From: Jack Sargeant (email suppressed)
Date: Mon Jan 18 2010 - 13:11:12 PST
I'm pretty sure Cut-Ups is on Ubuweb or Youtube.
OK, by sensory overload in this instance I mean that the film uses
image and sound in such a way as to break any notion of coherence, so
that, watching it, the audience are compelled to experience the film
rather than just understand it or follow it. It resists the normal
sensory satisfactions associated with film, both the experiences of
hearing and watching are transformed, the combination of linguistic
permutations in the narration and the (on first viewing) apparently
random images means that the audience have to 'go with the film' and
experience something utterly unfamiliar.
As I said the notion of overload would be personal, I have no problem
with Cut-Ups but grew up in an MTV riddled world, however for
somebody watching the film in '68 the experience was probably utterly
On 19 Jan 2010, at 07:17, Myron Ort wrote:
> I was hoping for a "theoretical" definition of "sensory overload"
> rather than another example of a film or whatever that I cannot
> easily access. Even watching 77 minutes of Sistiaga's handpainted
> @ sound speed with overloud live punk music, I wasn't really
> thinking "sensory overload", just "unpleasant experience". Even
> multiple screen performances don't seem like "sensory overload" to
> me, but just what they are supposed to be. I was hoping for a
> definition of "sensory overload" that wouldn't need to include
> "handpainted" films almost by definition. In other words, once I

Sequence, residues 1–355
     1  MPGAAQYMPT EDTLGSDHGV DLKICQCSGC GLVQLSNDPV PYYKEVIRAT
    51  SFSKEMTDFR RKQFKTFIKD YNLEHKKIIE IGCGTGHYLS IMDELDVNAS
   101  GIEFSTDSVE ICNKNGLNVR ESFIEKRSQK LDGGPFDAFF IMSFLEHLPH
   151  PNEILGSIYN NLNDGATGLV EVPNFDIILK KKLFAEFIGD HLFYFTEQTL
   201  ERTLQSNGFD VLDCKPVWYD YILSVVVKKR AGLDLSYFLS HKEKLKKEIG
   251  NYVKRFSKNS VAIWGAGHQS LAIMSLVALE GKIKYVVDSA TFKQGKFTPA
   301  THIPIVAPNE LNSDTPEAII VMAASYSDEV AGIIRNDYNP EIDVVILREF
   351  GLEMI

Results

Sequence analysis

> accepted the hand painted film, or films where every frame is
> really (or really really) different it seems there can no longer be
> anything called "sensory overload". By "handpainted" I mean the
> one's where there is not so much figurative continuous action
> between frames like animation or clearly comprehensible
> anthropomorphic dancing blobs etc. As someone who digs
> "experimental filmmaking" and phenomena of nature, (pre and post
> psychedelic) I am not sure there is such a thing as "sensory
> Myron Ort
> On Jan 17, 2010, at 4:14 PM, Jack Sargeant wrote:
>> Although outside the period of the original question perhaps Balch
>> & Burroughs' The Cut Ups could be considered an example of sensory
>> But, of course the very notion of overload would be a personal
>> On 5 Dec 2009, at 04:04, Myron Ort wrote:
>>> Now that I think of it, I don't think I have ever experienced
>>> anything I would call "sensory overload" as pertaining to a film
>>> experience. Could someone define this genre for me. What are the
>>> Myron Ort
>>> On Dec 3, 2009, at 4:05 PM, Mark Toscano wrote:
>>>> Howdy all -
>>>> I've been working out a possible program (or two) of films that
>>>> demonstrate the idea of "sensory overload", and although I have
>>>> a bunch of titles in mind already, I'd love to get more
>>>> suggestions, especially of work from the past 10-15 years or
>>>> so. Shorts are preferable, as it's meant to be a diverse, mixed
>>>> program of numerous artists from different eras.
>>>> thanks much for any suggestions -
>>>> Mark T
>>>> For info on FrameWorks, contact Pip Chodorov at <email suppressed>.
>>> For info on FrameWorks, contact Pip Chodorov at <email suppressed>.
>> For info on FrameWorks, contact Pip Chodorov at <email suppressed>.
> For info on FrameWorks, contact Pip Chodorov at <email suppressed>.
For info on FrameWorks, contact Pip Chodorov at <email suppressed>.